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The Tar Sands are dumping cancer-causing pollution in lakes

By: 
Anna Roik

January 28, 2013

The Tar sands are polluting lakes as far as 90 km away from mining sites. A joint study published by scientists at Queen’s University in Kingston and Environment Canada found cancer-causing chemicals from the Tar Sands in six lakes.
 
The study focused on the transport of polycyclic aromatic hydrocarbons (PAHs), one of the many toxins present in the tar sands. PAHs are cancer-causing chemicals that are released through burning of fossil fuels: coal, oil, tar. Scientists examined core samples taken from the sediments at the bottom of six lakes – five just outside of Fort McMurray, and Namur Lake which is 90km from the city.
 
While there are PAHs that occur naturally as the result of forest fires, volcanic activity and geologic deposits, those related to burning petroleum in tar sands production have a unique signature. The PAHs studied in the lakes’s core samples had this signature, allowing scientists to trace them back to the source.
 
The core samples show that PAH levels in all of the lakes have increased two to 23 times over the background levels seen in the early 1960s prior to development of the tar sands. The PAHs are carried as air pollution and are deposited into the lakes where they settle to the bottom. According to John Smol, one of the authors and biologist at Queen’s University, these once pristine lakes now have a chemical composition similar to lakes near urban centres. The lead author of the study, environmental scientist Joshua Kurek of Queen’s University, says that the signature of the PAHs in the core samples and the timing strongly suggest that development and refining of the tar sands has played a role in the increase of PAHs in the lakes.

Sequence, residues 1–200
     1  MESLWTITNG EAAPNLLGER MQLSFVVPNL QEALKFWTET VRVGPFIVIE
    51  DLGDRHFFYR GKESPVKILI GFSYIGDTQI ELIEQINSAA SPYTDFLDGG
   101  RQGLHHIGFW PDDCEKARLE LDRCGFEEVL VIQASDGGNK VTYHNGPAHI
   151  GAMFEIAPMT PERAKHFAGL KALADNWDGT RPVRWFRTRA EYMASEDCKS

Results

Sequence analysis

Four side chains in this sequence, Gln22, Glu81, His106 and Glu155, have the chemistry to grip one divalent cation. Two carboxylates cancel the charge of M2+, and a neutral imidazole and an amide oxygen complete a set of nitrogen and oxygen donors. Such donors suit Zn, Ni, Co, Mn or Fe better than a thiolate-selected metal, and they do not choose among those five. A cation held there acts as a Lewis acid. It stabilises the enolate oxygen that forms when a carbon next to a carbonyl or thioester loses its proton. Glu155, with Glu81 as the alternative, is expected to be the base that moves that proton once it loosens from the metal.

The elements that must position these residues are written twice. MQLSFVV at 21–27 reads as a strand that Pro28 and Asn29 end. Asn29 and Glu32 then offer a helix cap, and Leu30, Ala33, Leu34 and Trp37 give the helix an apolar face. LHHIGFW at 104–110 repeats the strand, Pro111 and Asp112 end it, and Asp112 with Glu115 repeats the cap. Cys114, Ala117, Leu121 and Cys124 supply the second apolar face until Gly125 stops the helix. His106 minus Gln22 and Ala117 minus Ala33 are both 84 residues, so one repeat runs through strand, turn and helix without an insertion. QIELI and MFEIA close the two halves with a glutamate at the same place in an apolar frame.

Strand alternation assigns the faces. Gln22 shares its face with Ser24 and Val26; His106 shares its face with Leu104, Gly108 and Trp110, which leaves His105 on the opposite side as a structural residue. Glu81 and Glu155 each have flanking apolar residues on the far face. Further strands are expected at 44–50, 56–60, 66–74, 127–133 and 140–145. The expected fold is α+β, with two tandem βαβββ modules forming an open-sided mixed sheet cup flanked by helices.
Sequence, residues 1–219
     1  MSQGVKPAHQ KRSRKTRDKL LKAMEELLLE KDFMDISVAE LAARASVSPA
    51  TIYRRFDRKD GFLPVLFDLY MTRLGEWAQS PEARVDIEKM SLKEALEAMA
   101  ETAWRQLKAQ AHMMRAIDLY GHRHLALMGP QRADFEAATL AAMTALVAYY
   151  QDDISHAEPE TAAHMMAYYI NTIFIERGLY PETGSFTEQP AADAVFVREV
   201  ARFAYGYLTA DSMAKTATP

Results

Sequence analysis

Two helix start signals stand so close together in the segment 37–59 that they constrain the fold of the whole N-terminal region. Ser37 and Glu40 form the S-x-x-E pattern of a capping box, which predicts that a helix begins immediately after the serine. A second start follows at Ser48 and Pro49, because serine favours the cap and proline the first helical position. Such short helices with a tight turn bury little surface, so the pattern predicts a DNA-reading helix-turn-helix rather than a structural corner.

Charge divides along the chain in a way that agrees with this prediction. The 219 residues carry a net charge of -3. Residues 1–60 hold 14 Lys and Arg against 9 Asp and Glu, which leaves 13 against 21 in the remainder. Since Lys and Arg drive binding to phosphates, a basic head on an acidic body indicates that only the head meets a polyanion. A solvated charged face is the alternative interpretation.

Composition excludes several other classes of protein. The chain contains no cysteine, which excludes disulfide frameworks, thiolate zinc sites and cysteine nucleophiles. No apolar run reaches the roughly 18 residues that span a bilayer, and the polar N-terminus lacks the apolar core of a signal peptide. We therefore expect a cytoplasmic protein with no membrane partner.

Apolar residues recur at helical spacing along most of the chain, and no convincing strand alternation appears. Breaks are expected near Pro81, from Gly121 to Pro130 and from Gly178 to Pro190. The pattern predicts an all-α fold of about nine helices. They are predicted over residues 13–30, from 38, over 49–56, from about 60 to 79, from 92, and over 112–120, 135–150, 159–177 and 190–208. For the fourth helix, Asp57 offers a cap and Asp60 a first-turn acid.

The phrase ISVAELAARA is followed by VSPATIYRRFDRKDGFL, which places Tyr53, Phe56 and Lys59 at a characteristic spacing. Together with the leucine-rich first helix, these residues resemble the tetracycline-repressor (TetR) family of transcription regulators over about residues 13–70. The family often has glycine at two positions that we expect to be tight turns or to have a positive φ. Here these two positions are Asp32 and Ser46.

Production from the tar sands is expected to double by 2020, making it inevitable that levels of pollution will also increase. PAHs are absorbed by fish and birds, and can be passed up the food chain to humans. However, the long term ecological effects of the pollution are not yet known. Algae and zooplankton populations seem to be showing no effects so far, although there have been noticeable decreases in fish populations in some streams.
 
In February 2012 the federal government announced a three-year water monitoring program in the tar sands region, the results of which will be made public for independent investigation. Yet the lack of baseline data from the water monitoring program and the spread of PAH pollution has not stopped serious consideration of 11 proposals to expand tar sands mining operations.
 
With the Harper government’s recent gutting of environmental legislation – the majority of freshwater lakes and streams are no longer protected or monitored – water ecologist Dr David Schindler says that more tar sands expansions should not be approved until comprehensive transparent monitoring systems are in place.
 
Cancer-causing pollution is just the latest in the long list of reasons to shut down the Tar Sands and create the industries that will produce clean renewable energy sources.

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